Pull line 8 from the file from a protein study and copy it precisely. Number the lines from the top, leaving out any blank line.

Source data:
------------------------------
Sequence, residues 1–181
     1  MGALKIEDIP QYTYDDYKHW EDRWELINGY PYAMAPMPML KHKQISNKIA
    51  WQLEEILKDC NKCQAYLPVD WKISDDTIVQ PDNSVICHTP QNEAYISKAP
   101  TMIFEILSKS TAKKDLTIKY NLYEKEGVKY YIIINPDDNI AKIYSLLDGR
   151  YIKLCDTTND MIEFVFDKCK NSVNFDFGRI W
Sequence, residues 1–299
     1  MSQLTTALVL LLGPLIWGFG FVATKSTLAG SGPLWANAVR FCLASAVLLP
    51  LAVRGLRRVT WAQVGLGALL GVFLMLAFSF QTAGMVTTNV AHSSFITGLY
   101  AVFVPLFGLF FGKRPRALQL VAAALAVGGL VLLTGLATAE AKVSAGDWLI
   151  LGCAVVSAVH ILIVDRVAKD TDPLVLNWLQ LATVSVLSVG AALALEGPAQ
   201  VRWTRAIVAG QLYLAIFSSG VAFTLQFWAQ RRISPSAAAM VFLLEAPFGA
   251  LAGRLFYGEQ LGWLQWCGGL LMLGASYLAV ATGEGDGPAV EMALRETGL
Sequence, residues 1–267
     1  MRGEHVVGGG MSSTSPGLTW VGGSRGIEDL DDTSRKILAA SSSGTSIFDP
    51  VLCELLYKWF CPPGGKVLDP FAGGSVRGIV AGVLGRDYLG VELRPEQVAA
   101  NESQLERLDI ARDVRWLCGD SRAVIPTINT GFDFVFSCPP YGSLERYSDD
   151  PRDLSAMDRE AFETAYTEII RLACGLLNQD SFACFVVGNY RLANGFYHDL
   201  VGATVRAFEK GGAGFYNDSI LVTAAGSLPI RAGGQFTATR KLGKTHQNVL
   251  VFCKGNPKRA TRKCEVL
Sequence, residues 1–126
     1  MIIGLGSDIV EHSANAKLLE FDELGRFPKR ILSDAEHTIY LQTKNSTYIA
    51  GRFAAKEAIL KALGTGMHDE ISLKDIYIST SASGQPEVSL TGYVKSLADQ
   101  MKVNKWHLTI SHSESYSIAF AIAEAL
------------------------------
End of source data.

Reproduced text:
    51  LAVRGLRRVT WAQVGLGALL GVFLMLAFSF QTAGMVTTNV AHSSFITGLY